Expansion and Conference Alignment
A BRIEF HISTORY OF EXPANSION
A little bit of history is needed in order to put this topic into proper context: In 1996, MLS kicked off its inaugural season with just 10 clubs. By 1998 they had expanded to twelve clubs, only to see both Miami Fusion and Tampa Bay Mutiny fold after 2001. The league regrouped and saw its first major growth spurt begin in 2005. Between 2005 and 2012, the league welcomed Chivas, RSL, Houston (San Jose relocation), Toronto, San Jose (resurrection), Seattle, Philly, Vancouver, Portland, and Montreal. Although Chivas ultimately folded by the end of 2014, the era still saw eight stable clubs enter the league in the span of eight years. While impressive, that expansion era is still dwarfed by the league’s most recent growth.
In 2015, expansion began again. In the past four years, MLS has welcomed New York City, Orlando City, Atlanta United, Minnesota United, Los Angeles Football Club, and FC Cincinnati. In addition, the league has firm plans to welcome Nashville FC and Inter Miami in 2020, as well as Austin FC in 2021. The seven year period between 2015 and 2021 will presumably see MLS add nine new clubs AND award expansion rights to as many as three other cities. Even at their best, the NFL and NBA never saw expansion that robust.
The difference is not just in the rapid increase in the number of clubs, but also in the valuation for ownership rights in MLS. Toronto FC paid a mere $10 million dollars to enter the league in 2007. Vancouver paid $40 million in 2011. Atlanta paid $70 million. (I presume because Arthur blank was committed to joining the league as early as 2011, but chose to wait until the completion of his new stadium before kicking off his inaugural season). Remarkably, NYCFC and Orlando each paid $100 million dollars to join MLS in 2015. (Dr. Evil would be proud!) The fee rose again to $150 million dollars for FC Cincinnati and Nashville FCC, and it will rise again to $200 million for the next two entries into the league. You would think that expansion fees of such magnitude would limit the pool of potential investors, but despite the drastic fee increase and the acceptance of so many new owners, the league still has at least ten potential expansion bids to choose from in the wake of its announcement that the league would expand to thirty clubs. It is staggering to think about and clearly the league is in a very stable place now. But it leaves us with a bunch of new questions to ask:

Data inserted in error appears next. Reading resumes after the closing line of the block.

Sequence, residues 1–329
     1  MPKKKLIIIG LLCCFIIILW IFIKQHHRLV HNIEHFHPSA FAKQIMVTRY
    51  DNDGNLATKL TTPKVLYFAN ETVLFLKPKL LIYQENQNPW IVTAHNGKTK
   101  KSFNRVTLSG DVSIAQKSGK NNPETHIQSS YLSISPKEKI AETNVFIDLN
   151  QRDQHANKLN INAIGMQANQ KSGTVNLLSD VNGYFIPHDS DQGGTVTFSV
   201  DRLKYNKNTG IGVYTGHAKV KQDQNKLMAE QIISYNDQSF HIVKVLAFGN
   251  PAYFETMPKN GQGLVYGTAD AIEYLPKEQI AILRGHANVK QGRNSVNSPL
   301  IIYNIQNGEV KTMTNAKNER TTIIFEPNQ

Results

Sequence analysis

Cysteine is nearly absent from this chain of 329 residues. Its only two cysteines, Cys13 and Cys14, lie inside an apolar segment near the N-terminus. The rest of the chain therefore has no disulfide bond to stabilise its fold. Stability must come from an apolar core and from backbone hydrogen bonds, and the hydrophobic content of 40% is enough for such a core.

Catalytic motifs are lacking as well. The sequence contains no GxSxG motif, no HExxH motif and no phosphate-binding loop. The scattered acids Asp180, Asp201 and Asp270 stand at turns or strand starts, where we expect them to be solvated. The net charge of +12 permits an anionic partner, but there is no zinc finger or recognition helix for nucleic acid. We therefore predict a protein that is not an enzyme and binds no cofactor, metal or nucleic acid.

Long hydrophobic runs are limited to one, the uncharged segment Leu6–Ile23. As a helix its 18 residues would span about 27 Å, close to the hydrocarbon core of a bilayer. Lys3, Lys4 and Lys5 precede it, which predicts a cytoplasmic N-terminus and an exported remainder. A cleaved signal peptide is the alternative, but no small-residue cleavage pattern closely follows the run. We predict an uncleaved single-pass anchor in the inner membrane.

Just how many clubs should MLS seek to expand to? Should they stop at the 30, or go higher?
Which cities/ownership groups should receive the remaining vacancies for expansion?
With the increased size of the league, how best can we align the clubs into conferences?
Do we need divisions in addition to conferences?
Once we have our conferences established, what competitive structure should we implement? Do we want to keep playoffs? If so, how many clubs do we allow into the playoff bracket? Speaking of playoff brackets, should we have a two-leg or single-leg competition, and how long should the playoffs take?
How many matches is “too few” for a regular season? How many matches is “too many” in light of the other domestic and international competitions that occur throughout the year?
Once we have our competitive structure, how “in the world” do we schedule it properly in light of North American weather extremes, FIFA international dates, and most of the world operating on a differing schedule entirely?
As our league has undoubtedly matured, is there room for the possibility of promotion/relegation in American soccer? If so, how do you convince these new owners who have written checks with 8 zeros to buy-in?
With a new Collective Bargaining Agreement approaching in 2020, and a new broadcast rights negotiation coming in 2021, what changes should be made to the salary cap structure? Should we even have a salary cap?
How much do we still value parity in comparison to the desire to let more ambitious clubs actually strive for international excellence?